Atlanta Sampson

In a 1988 interview with The New York Times, Atlanta Sampson, then ninety-one, said of her career as an artist: “It was just as necessary as eating and sleeping for me to paint. It was an obsession all my life. It was an inner drive all my life. It was God’s plan.”

Sampson was born on a farm north of Toeterville, Iowa, near the Minnesota border. As a child she obtained watercolor paints by mail-order from Chicago in order to start painting. After high school it took her two years to convince her Norwegian born parents that it was important for her to study art at the University of Minnesota, from which she received her degree in 1923. Upon graduation Sampson moved to Detroit, Michigan, where she taught art in the public schools for twenty years. In 1947 Sampson moved to New York City to pursue a career as an artist, which proved to be a struggle. Although she sold few works and had to take temporary jobs to get by, Sampson never gave up. She continued to study, taking classes with famed artist and teacher Hans Hoffman in Provincetown, Massachusetts in the summer, and enrolling in the Art Students League in New York with teachers Theodore Stamos and Thomas Fogerty, among others. At age eighty-four she received a full scholarship to attend the Art Students League. At the age of ninety, and in failing health, Sampson resigned herself to moving back to Iowa, her dream of a one-woman show in a prominent gallery having eluded her. The deli downstairs from her tiny apartment offered to give her a farewell show, at which she was at last discovered. True Colors: The Paintings of Atlanta Constance Sampson, 1896-Present opened in May of 1988 at the National Arts Club in New York City, and many exhibitions followed, including one in the rotunda of the Russell Senate Office Building in Washington, D.C. on her ninety-sixth birthday. Sampson finally succeeded, before she died, one year short of her hundredth birthday. Her work is owned by collectors across the country, and her art and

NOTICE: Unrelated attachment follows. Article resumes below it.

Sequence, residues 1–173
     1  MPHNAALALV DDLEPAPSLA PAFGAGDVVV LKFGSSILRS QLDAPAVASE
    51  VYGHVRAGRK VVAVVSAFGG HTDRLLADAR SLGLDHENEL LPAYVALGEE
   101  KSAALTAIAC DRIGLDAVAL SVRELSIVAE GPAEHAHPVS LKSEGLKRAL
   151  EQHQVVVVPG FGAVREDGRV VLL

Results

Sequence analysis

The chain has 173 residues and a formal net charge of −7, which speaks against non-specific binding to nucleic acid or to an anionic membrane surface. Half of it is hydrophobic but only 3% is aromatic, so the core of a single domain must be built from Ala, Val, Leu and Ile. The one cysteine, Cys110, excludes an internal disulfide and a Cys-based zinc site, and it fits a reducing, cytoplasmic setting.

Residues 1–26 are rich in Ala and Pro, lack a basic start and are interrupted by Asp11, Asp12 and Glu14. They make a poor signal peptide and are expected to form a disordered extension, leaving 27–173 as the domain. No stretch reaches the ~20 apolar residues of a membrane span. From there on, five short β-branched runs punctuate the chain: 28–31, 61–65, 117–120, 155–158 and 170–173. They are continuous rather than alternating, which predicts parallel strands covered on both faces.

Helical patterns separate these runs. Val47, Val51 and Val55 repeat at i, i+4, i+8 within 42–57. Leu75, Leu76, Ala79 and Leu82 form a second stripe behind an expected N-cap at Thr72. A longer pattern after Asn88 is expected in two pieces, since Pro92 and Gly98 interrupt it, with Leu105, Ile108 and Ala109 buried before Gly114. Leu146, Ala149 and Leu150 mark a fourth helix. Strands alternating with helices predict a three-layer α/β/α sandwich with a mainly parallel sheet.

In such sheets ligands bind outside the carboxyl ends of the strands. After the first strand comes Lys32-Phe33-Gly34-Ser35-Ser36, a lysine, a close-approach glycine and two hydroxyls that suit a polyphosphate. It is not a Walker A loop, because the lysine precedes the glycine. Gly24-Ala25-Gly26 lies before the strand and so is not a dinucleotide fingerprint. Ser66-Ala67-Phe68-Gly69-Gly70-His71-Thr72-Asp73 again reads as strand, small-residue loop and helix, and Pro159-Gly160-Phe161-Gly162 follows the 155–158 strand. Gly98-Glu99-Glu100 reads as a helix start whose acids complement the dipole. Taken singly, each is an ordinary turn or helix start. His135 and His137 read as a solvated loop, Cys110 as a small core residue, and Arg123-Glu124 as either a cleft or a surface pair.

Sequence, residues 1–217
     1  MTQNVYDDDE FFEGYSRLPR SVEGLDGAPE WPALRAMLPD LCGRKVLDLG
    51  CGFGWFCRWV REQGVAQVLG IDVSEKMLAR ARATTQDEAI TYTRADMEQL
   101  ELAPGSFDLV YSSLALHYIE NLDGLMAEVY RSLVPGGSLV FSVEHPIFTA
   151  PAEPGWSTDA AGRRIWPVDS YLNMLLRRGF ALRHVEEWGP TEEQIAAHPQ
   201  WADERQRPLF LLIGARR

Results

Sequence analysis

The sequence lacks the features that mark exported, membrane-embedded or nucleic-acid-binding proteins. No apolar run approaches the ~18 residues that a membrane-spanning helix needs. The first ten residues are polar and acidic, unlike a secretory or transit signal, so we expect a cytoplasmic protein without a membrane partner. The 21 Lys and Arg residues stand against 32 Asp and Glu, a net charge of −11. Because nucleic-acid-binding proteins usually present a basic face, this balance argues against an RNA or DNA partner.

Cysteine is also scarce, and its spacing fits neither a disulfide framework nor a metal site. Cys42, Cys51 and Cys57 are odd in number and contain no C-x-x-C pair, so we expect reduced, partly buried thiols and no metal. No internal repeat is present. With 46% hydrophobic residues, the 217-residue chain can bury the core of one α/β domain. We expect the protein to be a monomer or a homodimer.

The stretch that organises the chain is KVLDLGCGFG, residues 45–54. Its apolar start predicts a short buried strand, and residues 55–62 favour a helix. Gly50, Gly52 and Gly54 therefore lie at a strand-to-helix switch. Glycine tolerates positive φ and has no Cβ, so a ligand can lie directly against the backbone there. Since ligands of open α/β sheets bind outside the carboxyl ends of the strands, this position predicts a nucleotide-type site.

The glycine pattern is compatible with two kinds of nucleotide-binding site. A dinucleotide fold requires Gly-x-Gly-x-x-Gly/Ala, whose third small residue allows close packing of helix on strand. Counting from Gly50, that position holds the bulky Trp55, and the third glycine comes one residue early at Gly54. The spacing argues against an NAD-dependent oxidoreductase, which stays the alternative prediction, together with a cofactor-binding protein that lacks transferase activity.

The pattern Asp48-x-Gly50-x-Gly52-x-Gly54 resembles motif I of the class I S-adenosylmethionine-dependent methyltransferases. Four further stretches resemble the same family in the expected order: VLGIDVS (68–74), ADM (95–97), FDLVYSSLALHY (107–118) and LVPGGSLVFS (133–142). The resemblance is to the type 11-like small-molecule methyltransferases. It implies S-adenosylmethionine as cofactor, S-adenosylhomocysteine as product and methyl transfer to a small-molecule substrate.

her spirit are celebrated in the Unionhurst Gallery in Toeterville, Iowa, which is overseen by her nephew, Fred Langrock.

Gregory Jaynes, “About New York; An Artist at
91: Her First Show Outside the Deli,” The New York
Times (April 20, 1988)